It’s More Than Music to Your Baby’s Ears
Do you remember as a child the first time you picked up a seashell and listened to the sound of the ocean inside it? How calming and soothing and wonderful it was? We have many pleasant associations with sound. But sounds, and music in particular, play a much deeper, more meaningful role in our cognitive and emotional development than we realize.
We are born with hundreds of billions of neurons, electrically excitable cells in our brain. While we will always have around the same number of neurons, a baby is born with its neurons in a largely “unwired” state. The paths that connect these neurons and determine or personality, our intelligence, our creativity and so on have only begun to form by birth. These connections, which will remain with us for our entire lives, form rapidly in the early years, making the first few years of life a critical time to introduce the right stimulation into a child’s development.
According to Lorraine Wallach of the Alliance for Early Childhood:
“Stimulation for infants, toddlers and preschoolers begins with sensory stimulation and includes language, motor and cognitive activities that incite the neurons to connect to other neurons…If proper stimulation is not available, children’s brains do not grow to their full potential. Then the complexity of the neuron connections is reduced and that, in turn, influences intelligence.”
There is strong evidence that music is among the most powerful of all forms of stimulation that positively affect cognitive development. Nearly 20 years ago psychologist Dr. Frances Rauscher, previously a concert cellist, did a series of experiments in which laboratory rats actually performed better in a maze after listening to Mozart. This worked formed the basis for “The Mozart Effect,” the phenomenon that listening to music stimulates the abstract reasoning center of the brain in a way that measurably increases intelligence.
Subsequent studies with human subjects yielded similar results. In one study, students who listened to Mozart while taking a trigonometry exam performed demonstrably better than a similar control group taking the same exam without listening to music.
While this work is relatively new in the field of child psychology and development, specialists generally agree that listening to music in the first years of life can have a hugely positive and lasting effect on a child’s development.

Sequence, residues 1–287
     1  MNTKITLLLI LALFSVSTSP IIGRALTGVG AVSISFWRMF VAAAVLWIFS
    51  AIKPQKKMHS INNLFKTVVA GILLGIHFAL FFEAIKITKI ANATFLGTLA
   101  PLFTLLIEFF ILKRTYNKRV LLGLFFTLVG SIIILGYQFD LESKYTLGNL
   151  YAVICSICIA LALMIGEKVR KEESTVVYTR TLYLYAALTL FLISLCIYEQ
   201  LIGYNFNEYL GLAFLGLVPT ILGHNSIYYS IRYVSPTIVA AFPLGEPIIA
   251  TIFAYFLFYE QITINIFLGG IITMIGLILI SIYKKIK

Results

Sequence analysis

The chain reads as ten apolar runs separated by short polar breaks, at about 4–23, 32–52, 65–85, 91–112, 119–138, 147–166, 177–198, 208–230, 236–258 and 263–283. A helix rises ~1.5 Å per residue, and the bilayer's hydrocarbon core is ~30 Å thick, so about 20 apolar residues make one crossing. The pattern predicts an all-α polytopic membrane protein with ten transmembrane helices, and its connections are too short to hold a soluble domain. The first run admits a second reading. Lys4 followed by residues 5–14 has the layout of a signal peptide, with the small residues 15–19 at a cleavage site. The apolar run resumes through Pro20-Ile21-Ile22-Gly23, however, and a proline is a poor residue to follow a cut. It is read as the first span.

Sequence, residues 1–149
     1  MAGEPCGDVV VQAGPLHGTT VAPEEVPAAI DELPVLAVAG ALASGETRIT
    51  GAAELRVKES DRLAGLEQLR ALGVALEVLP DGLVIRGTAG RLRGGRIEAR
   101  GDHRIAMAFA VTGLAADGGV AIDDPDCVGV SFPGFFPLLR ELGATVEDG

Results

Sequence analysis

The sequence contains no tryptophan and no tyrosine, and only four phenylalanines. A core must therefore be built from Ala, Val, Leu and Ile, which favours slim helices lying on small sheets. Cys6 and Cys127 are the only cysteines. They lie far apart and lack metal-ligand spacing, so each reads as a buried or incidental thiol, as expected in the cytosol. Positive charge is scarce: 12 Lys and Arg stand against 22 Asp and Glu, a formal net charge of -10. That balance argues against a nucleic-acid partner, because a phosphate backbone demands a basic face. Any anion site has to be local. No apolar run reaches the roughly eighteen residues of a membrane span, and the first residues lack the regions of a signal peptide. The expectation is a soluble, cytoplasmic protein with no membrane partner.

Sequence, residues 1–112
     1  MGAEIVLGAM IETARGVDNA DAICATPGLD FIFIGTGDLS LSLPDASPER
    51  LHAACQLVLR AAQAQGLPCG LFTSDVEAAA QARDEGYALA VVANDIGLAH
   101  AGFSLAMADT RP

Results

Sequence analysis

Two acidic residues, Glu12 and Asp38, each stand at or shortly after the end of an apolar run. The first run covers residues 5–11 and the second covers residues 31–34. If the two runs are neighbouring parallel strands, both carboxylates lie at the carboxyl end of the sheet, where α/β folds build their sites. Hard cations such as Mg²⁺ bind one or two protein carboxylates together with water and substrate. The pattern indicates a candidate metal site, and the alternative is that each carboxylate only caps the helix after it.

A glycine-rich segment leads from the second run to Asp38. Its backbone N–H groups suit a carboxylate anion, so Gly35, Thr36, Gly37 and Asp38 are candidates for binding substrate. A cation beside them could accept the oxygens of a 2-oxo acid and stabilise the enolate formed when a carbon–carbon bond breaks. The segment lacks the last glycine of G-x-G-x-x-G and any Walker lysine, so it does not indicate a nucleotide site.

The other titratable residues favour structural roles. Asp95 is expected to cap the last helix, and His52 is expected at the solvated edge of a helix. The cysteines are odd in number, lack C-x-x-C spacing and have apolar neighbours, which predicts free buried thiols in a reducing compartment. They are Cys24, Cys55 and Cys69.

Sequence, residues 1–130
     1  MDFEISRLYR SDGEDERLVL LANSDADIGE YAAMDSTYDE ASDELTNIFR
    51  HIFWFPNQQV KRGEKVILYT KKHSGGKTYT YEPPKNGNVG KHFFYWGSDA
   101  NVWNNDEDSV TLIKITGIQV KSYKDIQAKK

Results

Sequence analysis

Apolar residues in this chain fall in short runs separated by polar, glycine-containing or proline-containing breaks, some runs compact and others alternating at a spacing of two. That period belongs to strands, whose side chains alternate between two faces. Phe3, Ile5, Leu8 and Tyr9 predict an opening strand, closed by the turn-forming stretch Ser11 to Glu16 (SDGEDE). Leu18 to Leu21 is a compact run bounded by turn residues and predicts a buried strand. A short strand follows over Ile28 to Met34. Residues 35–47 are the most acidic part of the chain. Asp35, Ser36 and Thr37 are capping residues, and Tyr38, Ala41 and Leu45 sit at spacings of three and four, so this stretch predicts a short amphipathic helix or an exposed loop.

Here are a few ideas to help you take advantage of the power of music to enrich your baby’s development and make the most of your time together during those important early years.
Play and Share Music With Your Baby
You can make time with your baby at home, in the car, or out for a walk even more enjoyable by making music a regular part of your routine. Make a commitment to take advantage of the positive effects music will have on your baby. Plan your baby’s musical experiences by having both music playing devices and musical instruments available, choosing the right music, and deliberately setting aside time to enjoy it.
Be Thoughtful About the Music You Play for Your Baby
Studies have found that classical music, particularly the string music of composers like Bach, Mozart, Vivaldi and Strauss, will have the most positive effects on your baby’s development. You might prefer Mötley Crüe, and later on you should introduce your child to all of the music you love, but in the formative years you should carefully consider the music you choose and the effect it will have.
Use Your Smartphone for Music
Use music, and your smartphone, as positive forces in your daily life. We live in a time where we take our phones with us everywhere we go. Many of us are obsessed with staying in touch with friends and family through Facebook, Twitter and text messaging. Our phones can contribute to a degree of isolation from those around us, even our children. Instead, use your phone to share music with your baby with the Lil’ Jammerz musical friends. You will be contributing to your infant’s cognitive development and bringing the two of you closer together.
Integrate Music and its Appreciation into Your Baby’s Life
There are so many ways for you and your baby to enjoy music together. You can join up with other parents and listen to music as a group. Encourage your baby to play with noisemakers like rattles and drums, and when your child is ready, bring musical instruments and lessons into the picture.
Of course, always sing to and with your baby. (We all know how powerful a lullaby can be.) And even in the earliest years of your baby’s development, you can find ways to listen to live music together at local performances and child-friendly concerts.